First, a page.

Duhem's name is given to the underdetermination or Duhem–Quine thesis, which holds that for any given set of observations there is an innumerably large number of explanations. It is, in essence, the same as Hume's critique of induction: all three variants point at the fact that empirical evidence cannot force the choice of a theory or its revision. Possible alternatives to induction are Duhem's instrumentalism and Popper's thesis that we learn from falsification.

As popular as the Duhem–Quine thesis may be in the philosophy of science, in reality Pierre Duhem and Willard Van Orman Quine stated very different theses. Pierre Duhem believed that experimental theory in physics is fundamentally different from fields like physiology and certain branches of chemistry. Also Duhem's conception of theoretical group has its limits, since not all concepts are connected to each other logically. He did not include at all a priori disciplines such as logic and mathematics within these theoretical groups in physics which can be tested experimentally. Quine, on the other hand, conceived this theoretical group as a unit of a whole human knowledge. To Quine, even mathematics and logic must be revised in light of recalcitrant experience, a thesis that Duhem never held.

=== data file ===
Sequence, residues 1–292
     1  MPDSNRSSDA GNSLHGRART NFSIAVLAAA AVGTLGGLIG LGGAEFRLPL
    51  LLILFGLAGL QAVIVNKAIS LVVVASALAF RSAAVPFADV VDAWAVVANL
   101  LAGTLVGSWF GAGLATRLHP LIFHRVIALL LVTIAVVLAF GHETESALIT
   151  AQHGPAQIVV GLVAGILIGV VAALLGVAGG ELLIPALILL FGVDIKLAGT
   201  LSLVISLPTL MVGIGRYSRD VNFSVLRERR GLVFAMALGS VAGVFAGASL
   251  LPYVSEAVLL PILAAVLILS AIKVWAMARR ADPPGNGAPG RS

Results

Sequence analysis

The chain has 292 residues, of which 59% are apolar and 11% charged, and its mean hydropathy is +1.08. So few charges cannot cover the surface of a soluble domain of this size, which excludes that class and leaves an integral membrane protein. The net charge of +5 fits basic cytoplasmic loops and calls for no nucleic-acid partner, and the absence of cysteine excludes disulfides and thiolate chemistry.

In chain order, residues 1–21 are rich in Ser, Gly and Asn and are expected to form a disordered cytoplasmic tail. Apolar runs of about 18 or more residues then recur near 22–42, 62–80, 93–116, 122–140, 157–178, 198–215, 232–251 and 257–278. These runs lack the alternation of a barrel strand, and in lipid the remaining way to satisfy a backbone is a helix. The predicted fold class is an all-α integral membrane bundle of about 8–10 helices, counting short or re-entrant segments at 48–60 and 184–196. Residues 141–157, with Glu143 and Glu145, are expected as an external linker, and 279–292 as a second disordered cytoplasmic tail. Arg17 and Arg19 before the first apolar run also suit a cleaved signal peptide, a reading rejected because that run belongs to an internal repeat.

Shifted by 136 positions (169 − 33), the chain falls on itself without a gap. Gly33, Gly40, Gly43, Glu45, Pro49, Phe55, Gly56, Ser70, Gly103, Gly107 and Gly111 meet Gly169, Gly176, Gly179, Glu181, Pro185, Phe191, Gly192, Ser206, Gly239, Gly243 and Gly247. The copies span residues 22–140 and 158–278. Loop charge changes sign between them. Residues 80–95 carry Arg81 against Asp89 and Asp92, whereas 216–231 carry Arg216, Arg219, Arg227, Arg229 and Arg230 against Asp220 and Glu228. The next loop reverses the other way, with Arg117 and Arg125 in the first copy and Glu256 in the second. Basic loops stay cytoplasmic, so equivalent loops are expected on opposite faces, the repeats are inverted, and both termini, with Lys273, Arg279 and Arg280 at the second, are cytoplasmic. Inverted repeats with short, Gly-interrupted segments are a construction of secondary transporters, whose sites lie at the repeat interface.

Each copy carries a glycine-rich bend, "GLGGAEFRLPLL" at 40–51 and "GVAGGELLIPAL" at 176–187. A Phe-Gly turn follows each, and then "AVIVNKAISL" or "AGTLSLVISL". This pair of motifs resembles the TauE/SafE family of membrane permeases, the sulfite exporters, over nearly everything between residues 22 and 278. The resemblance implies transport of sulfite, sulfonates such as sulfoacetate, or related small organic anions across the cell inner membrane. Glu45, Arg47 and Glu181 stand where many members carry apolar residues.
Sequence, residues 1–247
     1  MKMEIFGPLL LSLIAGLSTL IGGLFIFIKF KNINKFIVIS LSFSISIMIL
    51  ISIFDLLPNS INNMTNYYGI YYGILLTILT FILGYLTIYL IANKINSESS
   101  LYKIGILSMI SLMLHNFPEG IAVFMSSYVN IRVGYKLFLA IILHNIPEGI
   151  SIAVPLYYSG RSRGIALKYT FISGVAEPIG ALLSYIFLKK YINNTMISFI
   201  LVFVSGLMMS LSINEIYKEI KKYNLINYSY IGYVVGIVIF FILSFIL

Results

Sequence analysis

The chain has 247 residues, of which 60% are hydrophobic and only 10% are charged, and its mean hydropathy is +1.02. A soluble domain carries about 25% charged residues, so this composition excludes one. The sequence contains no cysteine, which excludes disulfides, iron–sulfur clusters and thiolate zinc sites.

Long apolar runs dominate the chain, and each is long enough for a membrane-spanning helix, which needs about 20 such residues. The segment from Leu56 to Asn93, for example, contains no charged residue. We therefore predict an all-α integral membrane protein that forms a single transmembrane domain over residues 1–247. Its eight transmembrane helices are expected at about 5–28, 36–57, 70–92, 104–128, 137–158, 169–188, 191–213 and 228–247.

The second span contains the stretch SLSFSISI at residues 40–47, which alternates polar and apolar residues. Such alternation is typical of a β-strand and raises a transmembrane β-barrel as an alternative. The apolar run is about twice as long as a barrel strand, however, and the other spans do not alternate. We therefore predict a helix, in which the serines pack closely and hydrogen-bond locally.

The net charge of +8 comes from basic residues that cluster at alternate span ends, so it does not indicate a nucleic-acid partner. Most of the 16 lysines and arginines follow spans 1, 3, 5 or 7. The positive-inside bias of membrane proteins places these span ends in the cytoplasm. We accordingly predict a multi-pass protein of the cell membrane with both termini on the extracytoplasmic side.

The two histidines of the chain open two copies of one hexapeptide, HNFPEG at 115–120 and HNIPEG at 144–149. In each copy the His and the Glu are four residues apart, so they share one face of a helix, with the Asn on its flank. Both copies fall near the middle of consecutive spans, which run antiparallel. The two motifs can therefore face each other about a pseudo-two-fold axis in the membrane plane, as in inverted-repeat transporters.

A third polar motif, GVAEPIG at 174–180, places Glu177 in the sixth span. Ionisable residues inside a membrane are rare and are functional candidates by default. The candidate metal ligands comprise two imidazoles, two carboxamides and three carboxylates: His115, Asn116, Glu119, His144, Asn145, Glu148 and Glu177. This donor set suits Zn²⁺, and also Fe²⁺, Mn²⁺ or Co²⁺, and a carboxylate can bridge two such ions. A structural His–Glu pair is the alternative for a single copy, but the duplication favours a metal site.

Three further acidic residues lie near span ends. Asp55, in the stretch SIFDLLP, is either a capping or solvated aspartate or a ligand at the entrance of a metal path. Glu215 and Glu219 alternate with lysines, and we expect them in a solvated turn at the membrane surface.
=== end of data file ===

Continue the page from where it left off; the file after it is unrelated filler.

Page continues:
Duhem's philosophy of science was criticized by one of his contemporaries, Abel Rey, in part because of what Rey perceived as influence on the part of Duhem's Catholic faith. [26]

Opposition to the English inductivist tradition